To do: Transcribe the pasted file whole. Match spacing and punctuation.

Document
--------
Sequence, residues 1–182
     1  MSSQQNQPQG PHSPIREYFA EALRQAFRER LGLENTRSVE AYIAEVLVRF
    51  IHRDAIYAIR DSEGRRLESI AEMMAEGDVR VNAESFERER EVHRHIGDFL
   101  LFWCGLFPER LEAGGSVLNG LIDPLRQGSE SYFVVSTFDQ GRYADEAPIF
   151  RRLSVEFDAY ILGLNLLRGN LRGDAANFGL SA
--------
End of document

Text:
Sequence, residues 1–182
     1  MSSQQNQPQG PHSPIREYFA EALRQAFRER LGLENTRSVE AYIAEVLVRF
    51  IHRDAIYAIR DSEGRRLESI AEMMAEGDVR VNAESFERER EVHRHIGDFL
   101  LFWCGLFPER LEAGGSVLNG LIDPLRQGSE SYFVVSTFDQ GRYADEAPIF
   151  RRLSVEFDAY ILGLNLLRGN LRGDAANFGL SA